What parents need to know
Parents Need to Know
Parents need to know that this ultimately uplifting dramedy is rated R primarily for lanugage (an edited version was released on DVD with a PG-13 rating, but it's no longer easy to find for rental or sale) -- everyone in the movie uses terrible language all the time. There are also references to transvestism and homosexuality, some discussion of sex among young characters, and a brief glimpse of bare buttocks when one character moons another. Some teens may be upset by the way that family members treat each other -- they're insulting, neglectful, and cruel, and one parent hits a child and threatens another -- but the overall takeaway is a heartwarming one.
What's the story?
In 1984 England, the police come to the small mining town of Durham to keep order during a strike. Amidst the tension, 11-year-old Billy Elliot (Jamie Bell), whose main sport is boxing, is pulled into a ballet lesson taught by Mrs. Wilkinson (Julie Walters). Billy discovers that ballet both answers and creates a need in him that he can no more name than he can resist. Billy lives with his father (Gary Lewis), brother, and grandmother; his mother died the year before, his grandmother is forgetful, and his father and brother are on strike. With the adults busy with their own problems, Billy is able to keep his new activity a secret ... for awhile. When his father eventually finds out, he's furious and tells his son to quit. But Billy has to dance -- and it might even be his way to bigger and better things.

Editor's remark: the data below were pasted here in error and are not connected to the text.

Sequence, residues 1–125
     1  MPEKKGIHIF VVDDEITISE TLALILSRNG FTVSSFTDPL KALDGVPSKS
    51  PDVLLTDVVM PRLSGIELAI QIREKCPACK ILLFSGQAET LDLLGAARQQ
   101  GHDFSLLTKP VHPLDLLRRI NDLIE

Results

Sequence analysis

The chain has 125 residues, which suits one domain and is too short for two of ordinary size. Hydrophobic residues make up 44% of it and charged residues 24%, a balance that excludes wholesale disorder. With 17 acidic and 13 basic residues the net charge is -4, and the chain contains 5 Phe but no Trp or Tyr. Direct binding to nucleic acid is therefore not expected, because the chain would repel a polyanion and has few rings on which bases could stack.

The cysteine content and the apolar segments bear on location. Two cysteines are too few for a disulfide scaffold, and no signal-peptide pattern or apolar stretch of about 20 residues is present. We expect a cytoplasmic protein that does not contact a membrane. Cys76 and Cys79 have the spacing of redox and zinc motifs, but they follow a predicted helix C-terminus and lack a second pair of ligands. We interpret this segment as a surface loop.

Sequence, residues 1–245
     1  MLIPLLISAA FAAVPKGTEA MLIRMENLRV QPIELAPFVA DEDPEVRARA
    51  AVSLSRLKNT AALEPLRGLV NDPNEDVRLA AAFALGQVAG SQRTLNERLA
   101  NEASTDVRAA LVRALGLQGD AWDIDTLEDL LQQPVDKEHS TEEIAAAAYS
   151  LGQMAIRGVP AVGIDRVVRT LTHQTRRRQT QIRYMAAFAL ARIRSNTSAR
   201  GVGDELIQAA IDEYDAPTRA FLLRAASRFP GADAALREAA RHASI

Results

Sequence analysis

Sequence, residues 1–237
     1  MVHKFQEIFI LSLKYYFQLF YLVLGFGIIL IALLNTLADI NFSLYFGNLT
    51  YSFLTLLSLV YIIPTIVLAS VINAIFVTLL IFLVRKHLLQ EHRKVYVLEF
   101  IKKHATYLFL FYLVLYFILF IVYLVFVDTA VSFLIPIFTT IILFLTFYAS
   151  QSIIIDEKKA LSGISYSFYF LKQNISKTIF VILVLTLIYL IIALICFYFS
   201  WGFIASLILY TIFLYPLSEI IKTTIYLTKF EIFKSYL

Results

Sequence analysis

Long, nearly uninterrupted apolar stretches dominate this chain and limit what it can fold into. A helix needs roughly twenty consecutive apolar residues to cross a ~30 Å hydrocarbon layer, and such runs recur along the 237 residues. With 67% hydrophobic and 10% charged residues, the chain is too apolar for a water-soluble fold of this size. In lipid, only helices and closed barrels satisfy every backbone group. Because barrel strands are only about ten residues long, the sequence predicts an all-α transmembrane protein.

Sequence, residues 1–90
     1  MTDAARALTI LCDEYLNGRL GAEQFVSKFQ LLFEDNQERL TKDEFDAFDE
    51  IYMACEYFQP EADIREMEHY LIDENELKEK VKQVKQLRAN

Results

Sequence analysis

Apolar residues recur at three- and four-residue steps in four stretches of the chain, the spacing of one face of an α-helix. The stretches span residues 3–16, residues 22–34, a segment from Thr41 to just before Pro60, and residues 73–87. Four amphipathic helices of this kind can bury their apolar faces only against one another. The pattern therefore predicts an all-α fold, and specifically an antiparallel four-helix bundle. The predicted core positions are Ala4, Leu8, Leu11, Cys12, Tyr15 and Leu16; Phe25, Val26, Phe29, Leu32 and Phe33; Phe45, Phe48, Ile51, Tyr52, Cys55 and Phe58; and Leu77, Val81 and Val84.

Is it any good?
BILLY ELLIOT is well above average -- tender, funny, and touching. Bell is extraordinary as Billy, and Lewis is first-rate as the father who makes an unbearably painful sacrifice in order to give his son the chance he never had. Director Stephen Daldry has a real gift for visual storytelling. A chase through hanging laundry, dance lessons in a boxing ring, and the opening shot of Billy on a trampoline are images that are fresh and memorable.
Families can talk about...
Families can talk about how the stress of painful external circumstances can affect family members' ability to be kind to one other. Why was the strike so important to Billy's dad and brother? How was that like -- and not like -- the importance of ballet to Billy?
Why did Mrs. Wilkinson want to help Billy? Why was Billy's interest in ballet so terrifying to him? What made him change his mind? What do you think of Billy's dad's response when Billy says he's scared?
What does it tell us that Billy's father had never been out of Durham, and that Billy had never been to see Durham's famous cathedral?